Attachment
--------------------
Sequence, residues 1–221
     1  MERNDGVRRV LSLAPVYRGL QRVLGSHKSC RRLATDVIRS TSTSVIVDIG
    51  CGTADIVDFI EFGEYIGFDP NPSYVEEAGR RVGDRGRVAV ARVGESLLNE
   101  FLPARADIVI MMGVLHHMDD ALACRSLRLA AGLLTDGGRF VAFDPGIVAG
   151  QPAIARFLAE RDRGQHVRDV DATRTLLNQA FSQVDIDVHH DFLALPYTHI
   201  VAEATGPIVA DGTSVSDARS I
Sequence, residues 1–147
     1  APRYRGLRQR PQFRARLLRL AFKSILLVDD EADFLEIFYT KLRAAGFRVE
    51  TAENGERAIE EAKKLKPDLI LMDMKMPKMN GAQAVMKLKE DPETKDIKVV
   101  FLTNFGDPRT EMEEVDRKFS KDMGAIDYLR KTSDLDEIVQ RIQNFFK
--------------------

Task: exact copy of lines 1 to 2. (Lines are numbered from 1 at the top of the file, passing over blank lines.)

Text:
Sequence, residues 1–221
     1  MERNDGVRRV LSLAPVYRGL QRVLGSHKSC RRLATDVIRS TSTSVIVDIG